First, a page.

Jan. 23, 2012 – God’s Righteous Remedy for the Solomon Syndrome
Once you replace your carnal tapes (thoughts) with God’s truth, you no longer fall victim to the “I’ll be worthwhile if_________,” lie of the Solomon Syndrome. You are healed of deceiving thoughts that produce behaviors that lead to neurosis and psychosis. Take Solomon’s word for it, there is only one mindset that is healthy for believers. It is the mindset of trusting God by taking Him at His Word.
And moreover, because the Preacher was wise, he still taught the people knowledge; yes, he pondered and sought out and set in order many proverbs. The Preacher sought to find acceptable words; and what was written was upright—words of truth. The words of the wise are like goads, and the words of scholars are like well-driven nails, given by one Shepherd. And further, my son, be admonished by these. Of making many books there is no end and much study is wearisome to the flesh. Let us hear the conclusion of the whole matter: Fear God and keep His commandments, for this is man’s all. For God will bring every work into judgment, including every secret thing, whether good or evil, Ecc. 12:9-14.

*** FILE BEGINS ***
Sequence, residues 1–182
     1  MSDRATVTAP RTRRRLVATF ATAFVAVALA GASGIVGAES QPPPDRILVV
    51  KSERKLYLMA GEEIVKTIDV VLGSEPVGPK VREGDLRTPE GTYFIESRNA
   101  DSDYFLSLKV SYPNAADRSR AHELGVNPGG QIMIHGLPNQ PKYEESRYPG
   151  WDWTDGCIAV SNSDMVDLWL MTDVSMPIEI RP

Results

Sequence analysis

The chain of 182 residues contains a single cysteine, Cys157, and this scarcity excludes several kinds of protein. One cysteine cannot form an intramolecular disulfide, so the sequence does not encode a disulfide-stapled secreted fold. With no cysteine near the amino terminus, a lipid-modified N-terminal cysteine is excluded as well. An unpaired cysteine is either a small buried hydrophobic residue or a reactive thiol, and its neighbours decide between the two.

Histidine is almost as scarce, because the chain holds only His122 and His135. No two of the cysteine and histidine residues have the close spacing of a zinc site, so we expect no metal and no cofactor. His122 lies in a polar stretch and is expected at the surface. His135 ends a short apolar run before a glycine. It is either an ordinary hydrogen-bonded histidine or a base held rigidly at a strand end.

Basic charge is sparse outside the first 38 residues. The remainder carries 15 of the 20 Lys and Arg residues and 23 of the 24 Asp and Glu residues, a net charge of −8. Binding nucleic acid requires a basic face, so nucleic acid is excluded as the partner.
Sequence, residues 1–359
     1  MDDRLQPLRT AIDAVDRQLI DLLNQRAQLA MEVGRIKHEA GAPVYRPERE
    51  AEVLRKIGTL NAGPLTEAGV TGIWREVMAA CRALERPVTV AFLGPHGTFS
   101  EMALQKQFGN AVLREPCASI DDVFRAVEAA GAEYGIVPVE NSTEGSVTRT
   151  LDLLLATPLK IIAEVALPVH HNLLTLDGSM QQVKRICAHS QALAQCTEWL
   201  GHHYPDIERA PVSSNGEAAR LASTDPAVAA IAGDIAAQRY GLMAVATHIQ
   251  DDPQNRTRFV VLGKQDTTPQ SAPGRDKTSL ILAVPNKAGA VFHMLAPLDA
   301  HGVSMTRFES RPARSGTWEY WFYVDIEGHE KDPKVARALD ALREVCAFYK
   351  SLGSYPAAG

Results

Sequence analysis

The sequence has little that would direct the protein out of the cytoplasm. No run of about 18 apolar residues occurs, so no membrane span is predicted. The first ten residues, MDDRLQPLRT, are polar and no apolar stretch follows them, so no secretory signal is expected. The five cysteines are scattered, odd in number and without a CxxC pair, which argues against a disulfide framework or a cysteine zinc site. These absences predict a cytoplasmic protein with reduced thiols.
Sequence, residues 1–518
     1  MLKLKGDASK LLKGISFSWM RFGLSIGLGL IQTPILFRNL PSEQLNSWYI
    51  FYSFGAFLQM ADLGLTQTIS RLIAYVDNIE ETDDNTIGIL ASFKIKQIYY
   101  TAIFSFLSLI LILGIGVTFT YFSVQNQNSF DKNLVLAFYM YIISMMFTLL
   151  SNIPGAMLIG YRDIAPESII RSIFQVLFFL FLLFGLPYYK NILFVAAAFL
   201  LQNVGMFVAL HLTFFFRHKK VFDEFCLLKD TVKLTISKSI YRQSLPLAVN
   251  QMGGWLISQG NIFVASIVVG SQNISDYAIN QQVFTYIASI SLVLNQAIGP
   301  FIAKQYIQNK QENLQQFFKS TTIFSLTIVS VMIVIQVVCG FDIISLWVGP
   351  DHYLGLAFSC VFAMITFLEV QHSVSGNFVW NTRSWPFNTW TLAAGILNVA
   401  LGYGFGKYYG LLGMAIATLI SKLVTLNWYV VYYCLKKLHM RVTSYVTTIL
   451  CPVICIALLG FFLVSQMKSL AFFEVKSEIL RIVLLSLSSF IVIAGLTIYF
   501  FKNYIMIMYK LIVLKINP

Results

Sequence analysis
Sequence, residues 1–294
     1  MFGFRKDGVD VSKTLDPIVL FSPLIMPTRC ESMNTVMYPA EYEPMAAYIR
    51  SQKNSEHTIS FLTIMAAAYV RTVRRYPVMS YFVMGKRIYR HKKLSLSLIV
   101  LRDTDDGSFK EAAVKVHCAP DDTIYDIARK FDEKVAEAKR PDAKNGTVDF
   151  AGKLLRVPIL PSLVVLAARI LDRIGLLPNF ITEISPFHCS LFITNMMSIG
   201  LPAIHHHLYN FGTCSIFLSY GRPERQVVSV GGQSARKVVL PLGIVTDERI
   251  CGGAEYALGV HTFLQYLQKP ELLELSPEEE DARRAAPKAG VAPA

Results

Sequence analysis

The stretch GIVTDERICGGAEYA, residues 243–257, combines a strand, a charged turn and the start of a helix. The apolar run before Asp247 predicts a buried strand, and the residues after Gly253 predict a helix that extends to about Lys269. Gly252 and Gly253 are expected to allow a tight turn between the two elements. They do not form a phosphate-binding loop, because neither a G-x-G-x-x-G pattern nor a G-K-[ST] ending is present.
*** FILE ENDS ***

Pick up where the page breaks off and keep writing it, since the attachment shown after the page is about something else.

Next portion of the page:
Remember the instruction of the Lord; to hide the Word of God in your heart. This is your new heart that is circumcised, and thereby dedicated to loving God and others. I have written your word in my heartthat I would not sin against You,Ps. 119:11. It is deeds of the flesh that proceed from our carnal minds of unbelief, And everything that does not come from faith is sin, Rom. 14:23.
The just shall continue to live by faith and the best is yet to come! We should have a confident expectation (biblical hope) every single day of our lives. We can avoid the Solomon Syndrome when we take God at His Word, trusting Him, and leaning not to our own understanding. That was the wise counsel of Solomon, and it remains the wise counsel of the Lord for His children today and every day, Prov. 3:5-6.